Struggle Street (2015)
On the topic of documentary truth, the SBS three-part series Struggle Street (2015) is an example of how the term ‘documentary’ can be used to shield producers from criticism for a particularly odious piece of ‘reality television’. The marketing trailer says it all: a scenic view of the Harbour Bridge switches to slim, tanned, bikini bodies frolicking on a beach, then a dark tunnel and a crash-sound in front of the sign “Mt Druitt – 45km west of Sydney CBD”. This bleak intro leads to a montage of squalor, drugs, police, fights, break-ins, endless profanities, heavily tattooed angry obese people, and a condescending voiceover saying “when you are dealt a lousy hand, who says you cant win?”. Struggle Street is made by the same producers of the British programs Skint (2009-2013) and Benefit Street (2014-2015) that triggered a wave of social media and talkback complaints of exploitation and public hissy fits about dole bludgers; so SBS knew what it was buying, and all with taxpayer funds.
Its hard to imagine more judgmental narration or more deliberate efforts to negatively stereotype a disadvantaged suburb. Comments like “its OK if you are rich, but its hard yakka if you are not” reveal this as trashy reality TV rather than the higher ground of documentary. The three-part series concentrates on a disability pensioner with early onset dementia and his second wife who support 10 children and 18 grandchildren in cramped Commission accommodation. One of his sons is brain damaged and another is a violent ice addict. It also features regular appearances by a homeless teenage sexual assault victim and a local Indigenous youth who lives rough and hunts wildlife for food. When we see any kind of community activity it is to emphasise collective failure or futility.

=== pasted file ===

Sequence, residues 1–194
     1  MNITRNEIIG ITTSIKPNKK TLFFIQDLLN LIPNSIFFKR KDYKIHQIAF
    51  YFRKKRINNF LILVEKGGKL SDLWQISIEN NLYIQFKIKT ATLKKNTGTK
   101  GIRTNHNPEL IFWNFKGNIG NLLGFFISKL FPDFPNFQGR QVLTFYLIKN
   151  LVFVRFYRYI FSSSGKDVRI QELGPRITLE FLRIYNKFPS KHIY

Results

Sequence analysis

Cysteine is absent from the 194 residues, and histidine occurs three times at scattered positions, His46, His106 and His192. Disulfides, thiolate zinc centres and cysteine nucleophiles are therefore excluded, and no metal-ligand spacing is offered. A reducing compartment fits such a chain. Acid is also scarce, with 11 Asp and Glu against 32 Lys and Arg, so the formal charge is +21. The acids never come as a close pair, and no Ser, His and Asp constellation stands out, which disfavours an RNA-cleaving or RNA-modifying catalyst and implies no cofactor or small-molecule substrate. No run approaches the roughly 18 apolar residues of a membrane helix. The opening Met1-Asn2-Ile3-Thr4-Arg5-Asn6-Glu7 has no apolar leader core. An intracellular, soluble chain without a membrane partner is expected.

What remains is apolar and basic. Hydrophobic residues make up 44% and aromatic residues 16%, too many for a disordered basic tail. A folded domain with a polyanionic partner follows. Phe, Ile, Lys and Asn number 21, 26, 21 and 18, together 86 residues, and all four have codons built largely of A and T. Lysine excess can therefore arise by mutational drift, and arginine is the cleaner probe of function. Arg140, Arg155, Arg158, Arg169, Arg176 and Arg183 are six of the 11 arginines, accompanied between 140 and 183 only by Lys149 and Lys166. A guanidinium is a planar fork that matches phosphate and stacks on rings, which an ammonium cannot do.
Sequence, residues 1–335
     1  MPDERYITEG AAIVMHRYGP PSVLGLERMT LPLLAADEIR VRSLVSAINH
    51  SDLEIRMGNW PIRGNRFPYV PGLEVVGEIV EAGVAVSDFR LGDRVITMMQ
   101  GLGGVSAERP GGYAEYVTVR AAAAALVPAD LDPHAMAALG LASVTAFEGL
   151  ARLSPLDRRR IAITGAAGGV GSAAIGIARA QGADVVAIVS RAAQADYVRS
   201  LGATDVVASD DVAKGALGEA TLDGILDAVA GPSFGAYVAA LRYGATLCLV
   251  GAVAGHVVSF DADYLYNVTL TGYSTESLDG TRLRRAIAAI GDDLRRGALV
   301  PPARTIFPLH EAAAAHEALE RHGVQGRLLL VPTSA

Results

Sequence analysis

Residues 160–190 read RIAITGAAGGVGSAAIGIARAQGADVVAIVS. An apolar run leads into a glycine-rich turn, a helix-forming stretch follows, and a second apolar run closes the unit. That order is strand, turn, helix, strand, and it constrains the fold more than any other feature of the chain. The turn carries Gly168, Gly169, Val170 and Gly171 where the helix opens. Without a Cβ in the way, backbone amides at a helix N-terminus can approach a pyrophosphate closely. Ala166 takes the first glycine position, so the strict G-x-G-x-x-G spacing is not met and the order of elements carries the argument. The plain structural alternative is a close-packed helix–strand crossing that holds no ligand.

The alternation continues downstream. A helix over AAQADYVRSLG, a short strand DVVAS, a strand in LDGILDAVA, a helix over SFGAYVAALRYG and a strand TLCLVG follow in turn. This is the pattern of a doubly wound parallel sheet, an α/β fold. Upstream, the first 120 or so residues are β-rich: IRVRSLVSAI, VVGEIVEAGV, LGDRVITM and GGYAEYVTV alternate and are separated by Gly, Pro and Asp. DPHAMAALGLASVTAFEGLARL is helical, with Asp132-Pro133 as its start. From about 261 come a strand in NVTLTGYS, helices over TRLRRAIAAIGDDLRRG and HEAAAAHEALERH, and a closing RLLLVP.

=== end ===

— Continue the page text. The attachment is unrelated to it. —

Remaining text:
This program is voyeurism into the lives of defenceless and disadvantaged people struggling to cope. It has no respect for its subjects and has no ethical compass. Following the British experience, controversy was always part of its marketing and ratings strategy. As one observer put it, the wider issue is “whether it’s not merely distasteful, but if producing it is actually unconscionable.” (Rosewarne, 2015). The benchmark for the respected label of ‘documentary’ is the pursuit of social good, but Struggle Street commits social harm by confirming the prejudices of those who look down on the disadvantaged. There will always be easy targets for middle-class filmmakers to exploit, but this is poverty-porn of the worst kind and not an honest documentary.
Writer/Producer: Marc Radomsky
I heartily agree with your assessment of Struggle Street. As I watched it, I was also struck by the impact of well meaning but disastrous government planning of estates like these for disadvantaged communities – long distances from centres of employment, education, services, shopping and poor access to public transport. Wide open spaces might be good for the lungs, but socially and economically it is isolating and counter productive and then the locals get blamed for the consequences.
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